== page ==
When I was a boy, I remember my father pruning a grape vine. It was a very young plant and it seemed to me that he pruned it excessively.
When I was a boy, I remember my father pruning a grape vine. It was a very young plant and it seemed to me that he pruned it excessively. “Why did you cut it back so much?” I asked him. “If I don’t cut it back, it will grow to produce wild grapes. To produce good fruit, it must be pruned, and pruned deeply.”
Growing up, it seemed very difficult to get my father’s approval. He seemed a lot more likely to find fault with me then to sing my praises. Often, I feel that my life’s decisions have been dictated by the subconscious desire to please him. Now, that I am a father myself, I have a new perspective on the age-old father-son dynamic. When my son was a baby, all I wanted to do was to make sure that he was comfortable, happy and safe. Now that he is a little boy, I find myself, more and more, wanting to correct him.
“Whoever spares the rod hates their children, but the one who loves their children is careful to discipline them,” (Proverbs 13:24). This quote can be easily misunderstood. The writer doesn’t mean that parents who spoil their children literally hate them. He means that to spoil a child is to do him great harm. Life is hard. It takes discipline and maturity to succeed. If children are not disciplined, they usually will have great difficulties coping with the stresses and responsibilities of adulthood. Of course, countless parents have used this passage to justify excessive punishment. Discipline tempered by mercy and rooted in love is good parenting; punishment divorced from love is child abuse.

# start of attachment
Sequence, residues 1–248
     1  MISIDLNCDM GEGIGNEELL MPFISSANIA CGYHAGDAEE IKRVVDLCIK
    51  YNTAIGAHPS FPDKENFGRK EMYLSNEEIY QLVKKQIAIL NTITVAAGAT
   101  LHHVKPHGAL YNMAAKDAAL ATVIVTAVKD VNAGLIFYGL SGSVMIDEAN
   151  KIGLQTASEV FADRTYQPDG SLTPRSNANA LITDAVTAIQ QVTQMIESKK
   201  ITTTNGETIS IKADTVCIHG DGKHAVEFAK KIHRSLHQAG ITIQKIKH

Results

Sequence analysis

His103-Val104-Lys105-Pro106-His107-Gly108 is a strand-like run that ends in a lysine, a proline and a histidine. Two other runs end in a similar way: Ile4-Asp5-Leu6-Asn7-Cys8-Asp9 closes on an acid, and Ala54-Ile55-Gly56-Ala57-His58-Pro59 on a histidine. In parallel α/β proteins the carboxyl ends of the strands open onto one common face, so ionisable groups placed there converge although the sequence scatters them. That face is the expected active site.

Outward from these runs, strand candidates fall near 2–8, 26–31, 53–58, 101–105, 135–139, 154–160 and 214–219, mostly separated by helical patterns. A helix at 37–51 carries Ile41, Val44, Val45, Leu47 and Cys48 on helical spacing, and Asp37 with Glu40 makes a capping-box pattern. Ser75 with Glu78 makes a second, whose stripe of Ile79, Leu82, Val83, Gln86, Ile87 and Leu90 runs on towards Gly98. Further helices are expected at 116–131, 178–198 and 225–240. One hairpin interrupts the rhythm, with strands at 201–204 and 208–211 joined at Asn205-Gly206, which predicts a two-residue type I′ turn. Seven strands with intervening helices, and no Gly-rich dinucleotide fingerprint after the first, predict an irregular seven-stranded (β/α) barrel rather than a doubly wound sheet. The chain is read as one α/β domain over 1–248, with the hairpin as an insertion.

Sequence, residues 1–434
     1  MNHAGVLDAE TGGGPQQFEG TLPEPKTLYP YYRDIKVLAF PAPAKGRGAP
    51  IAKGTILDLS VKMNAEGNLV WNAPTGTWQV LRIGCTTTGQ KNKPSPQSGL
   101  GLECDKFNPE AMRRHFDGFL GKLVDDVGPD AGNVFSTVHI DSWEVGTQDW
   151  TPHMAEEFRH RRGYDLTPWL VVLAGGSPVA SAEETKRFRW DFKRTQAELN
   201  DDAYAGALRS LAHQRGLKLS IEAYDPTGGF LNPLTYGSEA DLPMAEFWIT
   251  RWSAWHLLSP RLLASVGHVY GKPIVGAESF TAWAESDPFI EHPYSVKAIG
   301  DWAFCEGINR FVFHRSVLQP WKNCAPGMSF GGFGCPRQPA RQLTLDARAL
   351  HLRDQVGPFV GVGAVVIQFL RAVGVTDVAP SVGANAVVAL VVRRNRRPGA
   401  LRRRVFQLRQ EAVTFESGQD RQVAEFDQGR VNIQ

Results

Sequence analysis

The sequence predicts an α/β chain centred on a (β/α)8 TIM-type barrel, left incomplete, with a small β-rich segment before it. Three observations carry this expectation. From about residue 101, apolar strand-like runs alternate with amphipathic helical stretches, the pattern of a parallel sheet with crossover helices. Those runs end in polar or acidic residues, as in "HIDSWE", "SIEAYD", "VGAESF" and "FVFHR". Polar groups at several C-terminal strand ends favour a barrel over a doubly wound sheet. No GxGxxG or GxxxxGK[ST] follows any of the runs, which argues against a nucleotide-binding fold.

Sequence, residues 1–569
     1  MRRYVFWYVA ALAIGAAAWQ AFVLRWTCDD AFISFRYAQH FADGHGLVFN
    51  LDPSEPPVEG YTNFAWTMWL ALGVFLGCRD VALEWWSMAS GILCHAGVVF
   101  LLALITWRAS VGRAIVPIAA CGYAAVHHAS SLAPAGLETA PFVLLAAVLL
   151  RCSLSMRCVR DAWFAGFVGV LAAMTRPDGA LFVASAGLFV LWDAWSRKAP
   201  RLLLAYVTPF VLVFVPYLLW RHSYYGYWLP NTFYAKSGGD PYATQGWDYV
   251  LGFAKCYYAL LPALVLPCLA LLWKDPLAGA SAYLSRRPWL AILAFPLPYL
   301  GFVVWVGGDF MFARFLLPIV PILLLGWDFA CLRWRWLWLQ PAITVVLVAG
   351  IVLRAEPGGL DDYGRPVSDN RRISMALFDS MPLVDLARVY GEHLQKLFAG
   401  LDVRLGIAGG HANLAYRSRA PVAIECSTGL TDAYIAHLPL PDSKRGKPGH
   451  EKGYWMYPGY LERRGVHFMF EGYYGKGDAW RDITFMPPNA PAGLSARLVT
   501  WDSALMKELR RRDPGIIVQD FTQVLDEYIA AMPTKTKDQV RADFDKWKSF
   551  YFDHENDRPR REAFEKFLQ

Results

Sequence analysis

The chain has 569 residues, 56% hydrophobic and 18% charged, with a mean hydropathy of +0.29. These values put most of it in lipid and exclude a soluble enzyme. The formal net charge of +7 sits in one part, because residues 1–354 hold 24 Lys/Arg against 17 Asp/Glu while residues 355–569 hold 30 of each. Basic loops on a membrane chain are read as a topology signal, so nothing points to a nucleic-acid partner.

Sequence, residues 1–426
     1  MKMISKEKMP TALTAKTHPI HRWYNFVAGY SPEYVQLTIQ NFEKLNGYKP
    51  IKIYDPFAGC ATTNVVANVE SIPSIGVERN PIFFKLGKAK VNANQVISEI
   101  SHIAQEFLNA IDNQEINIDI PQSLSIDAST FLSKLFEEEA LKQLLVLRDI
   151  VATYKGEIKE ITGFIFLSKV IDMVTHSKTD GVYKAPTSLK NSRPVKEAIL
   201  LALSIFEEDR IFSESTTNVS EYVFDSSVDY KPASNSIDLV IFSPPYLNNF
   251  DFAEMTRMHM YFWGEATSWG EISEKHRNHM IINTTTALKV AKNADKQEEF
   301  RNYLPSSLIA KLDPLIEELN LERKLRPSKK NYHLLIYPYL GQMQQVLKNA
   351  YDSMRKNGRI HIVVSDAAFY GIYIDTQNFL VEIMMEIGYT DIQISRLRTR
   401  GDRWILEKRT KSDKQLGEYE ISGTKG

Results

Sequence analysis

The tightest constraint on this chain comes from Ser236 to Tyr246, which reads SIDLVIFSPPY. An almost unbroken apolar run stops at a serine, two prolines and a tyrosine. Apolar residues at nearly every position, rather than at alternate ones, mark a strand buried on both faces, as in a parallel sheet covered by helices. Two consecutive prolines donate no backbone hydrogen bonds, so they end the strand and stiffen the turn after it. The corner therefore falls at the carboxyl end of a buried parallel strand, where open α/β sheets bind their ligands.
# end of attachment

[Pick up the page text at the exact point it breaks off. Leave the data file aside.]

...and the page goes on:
“Know then in your heart that as a man disciplines his son, so the Lord your God disciplines you,” (Deuteronomy 8:5). The modern Church seems to downplay this very important spiritual reality. I remember when a young Jesuit priest told me, “You can’t punish someone into goodness. You can only love them into goodness.” This is certainly true; however, it can easily be misunderstood. Love and punishment are not mutually exclusive. Not only can we punish out of love, we often must punish out of love.
I’ve had much pleasure in my life and also much pain. I am certain that I grew spiritually much more through the trials then through the pleasure. I shudder to think about what kind of person I would be today if everything had gone my way over the years. I’m sure I would have become much more unloving, prideful, self-righteous and judgmental. The painful episodes in my life forced me to take a hard look at myself and make some serious changes.
“Every branch which is part of me but fails to bear fruit, he cuts off; and every branch that does bear fruit, he prunes, so that it may bear more fruit,” (John 15:2). Contemplate Jesus on the cross. God allowed His Son to be so severely punished, that Jesus cried out, “My God, my God, why have you forsaken me” (Matthew 27:46)? Now, contemplate the glory of the Resurrection. Enough said?